Wow. The last two weeks have passed in the blink of an eye. I've been sitting on this post all this time, weighed down by the burden of a deadline, never having the time to work out the words.
And what an adventure to share! For New Years, we drove west, west across the desert to celebrate the turning of the year in Joshua Tree ...
to bask in the sun, work our muscles, feel fingers on rock ...
That was Mountain Man, of course. And here's me, with my handknit, scarlet Cliff Dweller chalk bag:
We had plenty of sweet, quiet downtime in camp, too.
And on New Year's morning, I finally bound off the Shelter Scarf. Ta-Da!!
Very pleased with myself. I think this scarf is so damned cool and clever.
It's knit lengthwise, from one ribbed edge to the other, using horizontal cables that form interlocking circles.
Pattern to come ... someday. I have plans. But it'll be a while, I reckon.
Anyways, one more knitting anecdote from this glorious weekend. By the end of the weekend, I was worn out of climbing and intense sunshine. So while Mountain Man and his friend climbed one last hard route (Bird on a Wire -- they're tiny specks in the middle by the dark spot):
My friend and I stayed in the cool shadows of the valley. And I taught her to knit:
Long tail cast-on. Learned lightning-fast by nimble climbers' fingers.
Monday, January 02, 2012
This is the beginning of a scarf story. It begins with a ball of yarn. Brooklyn Tweed 'Shelter' in Button Jar, to be exact:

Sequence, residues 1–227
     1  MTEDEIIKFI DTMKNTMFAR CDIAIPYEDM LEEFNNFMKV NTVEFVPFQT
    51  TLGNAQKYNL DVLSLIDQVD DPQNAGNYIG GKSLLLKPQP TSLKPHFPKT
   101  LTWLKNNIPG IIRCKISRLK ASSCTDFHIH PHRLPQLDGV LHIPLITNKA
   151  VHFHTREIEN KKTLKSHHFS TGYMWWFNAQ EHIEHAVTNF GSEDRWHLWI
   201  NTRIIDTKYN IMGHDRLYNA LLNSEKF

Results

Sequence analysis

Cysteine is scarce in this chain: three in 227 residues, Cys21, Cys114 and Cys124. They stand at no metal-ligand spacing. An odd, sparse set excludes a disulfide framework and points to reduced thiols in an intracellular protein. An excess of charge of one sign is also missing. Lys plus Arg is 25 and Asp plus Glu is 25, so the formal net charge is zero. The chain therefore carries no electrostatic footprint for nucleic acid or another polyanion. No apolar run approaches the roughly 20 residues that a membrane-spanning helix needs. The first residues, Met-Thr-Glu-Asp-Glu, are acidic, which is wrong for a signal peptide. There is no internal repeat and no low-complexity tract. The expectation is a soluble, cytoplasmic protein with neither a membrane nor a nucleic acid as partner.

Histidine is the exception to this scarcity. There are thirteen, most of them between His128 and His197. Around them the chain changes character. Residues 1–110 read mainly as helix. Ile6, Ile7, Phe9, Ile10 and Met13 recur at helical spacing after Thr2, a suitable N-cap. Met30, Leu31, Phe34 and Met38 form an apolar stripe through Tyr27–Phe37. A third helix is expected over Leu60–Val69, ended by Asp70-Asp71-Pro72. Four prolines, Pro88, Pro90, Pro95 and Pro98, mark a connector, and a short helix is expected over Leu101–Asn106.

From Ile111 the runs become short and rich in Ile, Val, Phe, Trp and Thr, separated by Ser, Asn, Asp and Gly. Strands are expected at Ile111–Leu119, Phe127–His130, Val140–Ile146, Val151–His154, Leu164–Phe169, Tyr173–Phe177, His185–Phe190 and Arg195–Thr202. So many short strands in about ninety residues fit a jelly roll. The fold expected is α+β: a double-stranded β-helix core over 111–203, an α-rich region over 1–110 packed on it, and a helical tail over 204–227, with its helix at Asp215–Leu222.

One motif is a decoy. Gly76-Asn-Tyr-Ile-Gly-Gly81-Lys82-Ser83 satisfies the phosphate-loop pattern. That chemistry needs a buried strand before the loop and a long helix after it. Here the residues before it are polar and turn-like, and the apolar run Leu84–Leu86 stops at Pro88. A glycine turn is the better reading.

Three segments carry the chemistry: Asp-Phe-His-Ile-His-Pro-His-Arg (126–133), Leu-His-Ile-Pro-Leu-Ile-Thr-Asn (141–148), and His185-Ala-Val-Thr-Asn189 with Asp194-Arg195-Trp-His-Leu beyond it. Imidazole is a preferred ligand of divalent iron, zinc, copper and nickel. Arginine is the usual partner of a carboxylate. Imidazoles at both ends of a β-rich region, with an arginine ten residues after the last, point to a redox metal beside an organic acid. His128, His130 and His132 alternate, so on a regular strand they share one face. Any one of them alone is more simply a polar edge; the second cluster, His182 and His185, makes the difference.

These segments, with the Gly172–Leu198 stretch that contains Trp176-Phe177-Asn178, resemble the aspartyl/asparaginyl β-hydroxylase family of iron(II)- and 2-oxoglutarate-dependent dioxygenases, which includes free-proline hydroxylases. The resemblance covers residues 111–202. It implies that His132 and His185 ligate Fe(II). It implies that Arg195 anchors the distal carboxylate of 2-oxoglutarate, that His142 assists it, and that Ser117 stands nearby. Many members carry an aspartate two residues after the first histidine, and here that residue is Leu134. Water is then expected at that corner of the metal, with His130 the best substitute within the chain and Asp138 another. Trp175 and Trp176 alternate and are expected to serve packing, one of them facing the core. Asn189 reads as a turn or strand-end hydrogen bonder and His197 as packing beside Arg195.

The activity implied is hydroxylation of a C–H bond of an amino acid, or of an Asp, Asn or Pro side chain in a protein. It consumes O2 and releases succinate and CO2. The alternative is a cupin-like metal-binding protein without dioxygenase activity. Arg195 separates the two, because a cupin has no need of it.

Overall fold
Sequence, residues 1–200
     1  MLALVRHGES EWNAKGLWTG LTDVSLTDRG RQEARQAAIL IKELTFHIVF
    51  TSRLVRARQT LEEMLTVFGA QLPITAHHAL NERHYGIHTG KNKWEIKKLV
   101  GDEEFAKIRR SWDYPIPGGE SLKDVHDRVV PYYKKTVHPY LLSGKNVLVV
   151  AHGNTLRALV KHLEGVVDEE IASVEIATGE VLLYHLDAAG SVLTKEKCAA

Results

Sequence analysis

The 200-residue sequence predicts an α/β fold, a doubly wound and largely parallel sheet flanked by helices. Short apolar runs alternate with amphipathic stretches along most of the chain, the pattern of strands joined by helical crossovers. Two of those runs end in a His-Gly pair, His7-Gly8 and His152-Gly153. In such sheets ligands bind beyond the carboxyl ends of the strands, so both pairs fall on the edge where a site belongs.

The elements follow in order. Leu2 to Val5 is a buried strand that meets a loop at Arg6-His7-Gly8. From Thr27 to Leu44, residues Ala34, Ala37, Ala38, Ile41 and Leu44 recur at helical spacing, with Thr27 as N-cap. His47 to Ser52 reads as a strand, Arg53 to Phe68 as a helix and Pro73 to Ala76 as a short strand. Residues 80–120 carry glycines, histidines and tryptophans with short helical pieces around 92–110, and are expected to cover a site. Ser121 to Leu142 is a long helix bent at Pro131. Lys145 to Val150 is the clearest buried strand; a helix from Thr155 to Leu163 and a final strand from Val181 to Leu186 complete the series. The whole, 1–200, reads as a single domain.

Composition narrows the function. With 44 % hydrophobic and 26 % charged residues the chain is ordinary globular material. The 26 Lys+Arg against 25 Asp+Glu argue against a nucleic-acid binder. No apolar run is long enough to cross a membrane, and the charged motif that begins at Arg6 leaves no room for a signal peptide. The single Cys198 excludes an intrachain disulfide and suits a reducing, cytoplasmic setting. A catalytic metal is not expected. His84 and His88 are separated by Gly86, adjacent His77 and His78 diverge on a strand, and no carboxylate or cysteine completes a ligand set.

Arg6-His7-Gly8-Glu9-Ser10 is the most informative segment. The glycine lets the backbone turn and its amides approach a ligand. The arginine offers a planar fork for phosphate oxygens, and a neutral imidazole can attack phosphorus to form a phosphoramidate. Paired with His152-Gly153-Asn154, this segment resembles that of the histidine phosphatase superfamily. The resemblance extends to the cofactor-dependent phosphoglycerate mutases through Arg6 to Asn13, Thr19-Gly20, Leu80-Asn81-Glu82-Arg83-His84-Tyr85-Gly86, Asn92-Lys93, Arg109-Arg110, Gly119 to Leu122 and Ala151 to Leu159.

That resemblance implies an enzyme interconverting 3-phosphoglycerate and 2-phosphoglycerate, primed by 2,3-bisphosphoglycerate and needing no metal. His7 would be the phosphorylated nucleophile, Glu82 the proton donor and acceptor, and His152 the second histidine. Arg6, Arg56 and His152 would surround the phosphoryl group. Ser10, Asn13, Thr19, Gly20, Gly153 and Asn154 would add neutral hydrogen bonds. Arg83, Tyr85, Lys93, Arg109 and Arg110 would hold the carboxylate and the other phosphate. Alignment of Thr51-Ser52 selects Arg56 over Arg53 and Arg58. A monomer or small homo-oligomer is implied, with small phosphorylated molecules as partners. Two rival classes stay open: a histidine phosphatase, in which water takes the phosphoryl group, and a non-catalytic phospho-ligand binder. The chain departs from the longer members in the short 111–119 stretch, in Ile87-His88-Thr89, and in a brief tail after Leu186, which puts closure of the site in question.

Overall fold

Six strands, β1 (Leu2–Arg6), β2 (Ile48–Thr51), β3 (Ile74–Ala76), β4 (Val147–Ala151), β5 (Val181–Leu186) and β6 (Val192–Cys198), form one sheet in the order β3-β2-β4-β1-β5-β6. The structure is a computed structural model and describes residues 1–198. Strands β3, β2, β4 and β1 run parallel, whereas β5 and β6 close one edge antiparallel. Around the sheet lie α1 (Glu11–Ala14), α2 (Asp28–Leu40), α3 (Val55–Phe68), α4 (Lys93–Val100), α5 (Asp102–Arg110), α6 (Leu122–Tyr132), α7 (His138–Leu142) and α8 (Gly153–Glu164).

Actually, truth be told, it starts much earlier. Years back, in my pre-blogging days, I knit my father a cabled scarf for Christmas in soft, tweedy, pea green wool. At the time I wasn't even sure if he'd wear a scarf! But he loved it and wore it faithfully through many cold New England winters.
All good garments run their course, though, and this year it was time for a replacement. At first I set out about carefully reconstructing the original scarf. But this turned out to be impossible. The original yarn (Queensland Collection Kathmandu) had been discontinued. I couldn't find anyone on Ravelry who was willing to sell their stashed yarn to me, and the closest substitute turned out to have also been discontinued. So, I decided to try out Shelter, which is a remarkable yarn, woolen-spun in an historic New Hampshire Mill.
And try it out I surely did. I had to swatch nearly an entire skein of yarn before I figured out what to knit with it.
See, Shelter is a woolen spun yarn, which means that the fibers are all whipped up rather than aligned. It gives the yarn an amazing, lofty, pebbled texture. It's such a tactile pleasure to knit and wear, but it also brings challenges for cables or colorwork because you lose a lot of stitch definition.
Dad's original scarf (based on what I can reconstruct from photos) was knit in horseshoe cables and seed stitch in a sportweight yarn. It was understated and gentlemanly. But those slender cables and delicate seed stitches seemed to be swallowed up in the dark sproing of Shelter.
And that's why I ended up endlessly swatching, because I was putting this yarn through its paces, getting acquainted with it and learning about what did and didn't work in it. It was a fascinating process, but it gobbled up so much time that I couldn't actually finish Dad's scarf by Christmas. All he got was a narrow strip of fabric, all bunched up on my needles. It looked more like a snake than a scarf!
I'm nearly done by now, though. I worked on the scarf all through the Christmas weekend. Here I am, knitting in the Phoenix sunshine, with Isis snoozing in the grass behind me ....
To see what I ended up with, you'll have to wait for Part II of the story ....